This year, Ankara had already shown the power of its drones, destroying hundreds of tanks of the Bashar Al-Assad regime, which were heading towards strongholds of Turkish allied rebels, launching attacks against the Libyan forces of General Khalifa Haftar. However, perhaps his biggest test is Nagorno-Karabakh – so far, the results have been overwhelming.
In the early hours of the conflict, at the end of last month, dozens of Armenian anti-aircraft systems – valued at tens of millions of dollars each – were destroyed by Turkish Bayraktar TB2 drones, which carry small but accurate missiles, and cost a few million dollars. . Several drones were shot down by Armenia, but at the cost level it was a winning operation for Azerbaijan, like exchanging a pawn for a horse in chess.
Azeris also rely on Israeli Harop drones – Israel imports much of its oil from Azerbaijan, and it is estimated that in return it supplied them with around 60% of Azeri weaponry. As far as the Harop are concerned, they are a sort of guided missile, capable of flying for hours and crashing against the target, or returning to base if you don’t find it. And there is also a whole range of reconnaissance drones, facilitating the work of artillery.
The advantages are obvious. Maintaining fighters and bombers is expensive, training pilots is time-consuming and complicated – hence Azerbaijan and Armenia have a total of a few dozen manned aircraft. The use of drones, on the other hand, allows for more aggressive bombing in areas where pilots’ lives would never be risked. The populations suffer the most, subject to the imprecision of remote controllers.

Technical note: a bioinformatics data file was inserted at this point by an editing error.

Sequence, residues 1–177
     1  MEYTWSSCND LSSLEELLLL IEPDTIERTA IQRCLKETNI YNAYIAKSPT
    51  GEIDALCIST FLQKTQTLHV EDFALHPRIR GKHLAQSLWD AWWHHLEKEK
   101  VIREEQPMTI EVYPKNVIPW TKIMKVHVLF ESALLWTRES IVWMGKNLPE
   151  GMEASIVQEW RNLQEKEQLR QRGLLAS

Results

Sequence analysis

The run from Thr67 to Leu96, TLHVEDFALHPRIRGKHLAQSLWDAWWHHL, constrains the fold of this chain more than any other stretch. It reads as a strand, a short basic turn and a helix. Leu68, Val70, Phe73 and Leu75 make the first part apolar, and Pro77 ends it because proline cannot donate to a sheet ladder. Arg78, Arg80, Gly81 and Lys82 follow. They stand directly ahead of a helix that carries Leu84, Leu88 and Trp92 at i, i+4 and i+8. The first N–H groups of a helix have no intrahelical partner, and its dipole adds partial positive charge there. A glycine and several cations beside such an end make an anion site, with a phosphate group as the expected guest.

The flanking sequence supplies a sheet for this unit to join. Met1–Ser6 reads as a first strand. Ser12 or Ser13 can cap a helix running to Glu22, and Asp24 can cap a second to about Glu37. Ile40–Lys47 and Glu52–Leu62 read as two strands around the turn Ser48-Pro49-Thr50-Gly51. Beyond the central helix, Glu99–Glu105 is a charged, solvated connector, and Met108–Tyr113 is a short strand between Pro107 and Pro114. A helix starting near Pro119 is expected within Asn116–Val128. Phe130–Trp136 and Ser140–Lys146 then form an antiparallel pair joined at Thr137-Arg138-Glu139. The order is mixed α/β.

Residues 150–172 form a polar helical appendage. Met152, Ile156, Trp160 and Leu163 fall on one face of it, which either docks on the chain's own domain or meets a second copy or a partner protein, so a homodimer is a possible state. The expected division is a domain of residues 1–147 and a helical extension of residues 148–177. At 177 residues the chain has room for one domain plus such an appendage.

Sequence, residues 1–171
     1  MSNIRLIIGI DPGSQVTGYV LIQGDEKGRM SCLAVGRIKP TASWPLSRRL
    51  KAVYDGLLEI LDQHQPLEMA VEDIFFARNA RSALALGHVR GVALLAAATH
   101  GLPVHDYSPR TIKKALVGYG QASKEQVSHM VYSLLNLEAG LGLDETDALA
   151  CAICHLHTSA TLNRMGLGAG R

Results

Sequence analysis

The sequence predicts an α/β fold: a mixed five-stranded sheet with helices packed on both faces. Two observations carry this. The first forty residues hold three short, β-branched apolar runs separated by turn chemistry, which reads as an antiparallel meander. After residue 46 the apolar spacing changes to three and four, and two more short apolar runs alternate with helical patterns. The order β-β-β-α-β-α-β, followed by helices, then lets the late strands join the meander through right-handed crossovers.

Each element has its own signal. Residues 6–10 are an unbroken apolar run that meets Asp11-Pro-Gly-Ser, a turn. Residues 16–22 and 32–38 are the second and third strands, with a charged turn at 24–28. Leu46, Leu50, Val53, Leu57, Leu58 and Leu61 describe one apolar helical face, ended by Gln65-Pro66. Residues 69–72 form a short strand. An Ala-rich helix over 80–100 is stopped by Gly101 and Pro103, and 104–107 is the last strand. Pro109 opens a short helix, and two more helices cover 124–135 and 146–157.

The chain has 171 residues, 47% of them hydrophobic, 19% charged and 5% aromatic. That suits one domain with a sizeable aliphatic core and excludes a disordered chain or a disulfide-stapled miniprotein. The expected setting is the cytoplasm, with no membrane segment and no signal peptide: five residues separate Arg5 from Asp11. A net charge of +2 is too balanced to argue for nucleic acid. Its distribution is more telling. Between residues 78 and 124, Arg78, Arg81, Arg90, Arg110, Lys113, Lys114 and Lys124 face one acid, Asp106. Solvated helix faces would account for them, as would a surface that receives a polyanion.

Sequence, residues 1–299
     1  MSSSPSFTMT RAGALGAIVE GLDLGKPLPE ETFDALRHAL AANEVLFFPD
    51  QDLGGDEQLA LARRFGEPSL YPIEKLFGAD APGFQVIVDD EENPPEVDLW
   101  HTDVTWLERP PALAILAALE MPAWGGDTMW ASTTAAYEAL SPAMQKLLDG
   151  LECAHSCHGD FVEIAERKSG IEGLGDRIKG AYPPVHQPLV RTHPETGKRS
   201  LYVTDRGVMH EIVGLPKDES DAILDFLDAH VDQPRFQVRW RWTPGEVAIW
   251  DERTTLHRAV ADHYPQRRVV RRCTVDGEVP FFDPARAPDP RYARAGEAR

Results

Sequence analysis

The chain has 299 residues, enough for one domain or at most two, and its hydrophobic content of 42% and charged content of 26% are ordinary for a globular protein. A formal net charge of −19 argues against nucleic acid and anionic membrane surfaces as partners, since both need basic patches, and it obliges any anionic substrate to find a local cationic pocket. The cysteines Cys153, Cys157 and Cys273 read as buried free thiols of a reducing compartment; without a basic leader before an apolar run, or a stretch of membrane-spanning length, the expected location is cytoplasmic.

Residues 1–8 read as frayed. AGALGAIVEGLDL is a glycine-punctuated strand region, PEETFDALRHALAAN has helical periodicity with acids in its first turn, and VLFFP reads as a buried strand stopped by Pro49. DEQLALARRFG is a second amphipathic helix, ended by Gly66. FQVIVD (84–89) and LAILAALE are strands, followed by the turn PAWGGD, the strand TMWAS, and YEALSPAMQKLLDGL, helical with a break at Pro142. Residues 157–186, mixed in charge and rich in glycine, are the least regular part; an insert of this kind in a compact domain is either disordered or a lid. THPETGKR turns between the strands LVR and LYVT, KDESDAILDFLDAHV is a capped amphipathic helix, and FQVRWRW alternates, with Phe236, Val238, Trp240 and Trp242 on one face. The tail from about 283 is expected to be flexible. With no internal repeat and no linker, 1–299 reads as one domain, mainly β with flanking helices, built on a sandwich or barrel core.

“We don’t see them,” said Katarina Abrahamyan, who works at a cashier in a supermarket in Nagorno-Karabakh, hidden in the basement of a music school. “We heard them,” he explained, humming his mouth to a Los Angeles Times reporter.
Perhaps the biggest weakness of the Turkish drone program is the production itself. “We still can’t produce engines, and obviously we don’t have a chip factory, so all the smart parts, all the software on these drones has to be imported from the West or from China,” noted Atilla Yesilada, an analyst at Global Source Partners, USA Today. Since the Nagorno-Karabakh conflict broke out, Canada has pledged to no longer sell parts essential to the manufacture of Bayraktar TB2 drones to Ankara.
Still, “it’s easy to create alternatives, that’s the magic thing about drone technology,” argued Mevlutoglu, a Turkish analyst, to the American magazine. «The technology to develop sophisticated drones is becoming even cheaper and more accessible with each passing day, in more and more countries».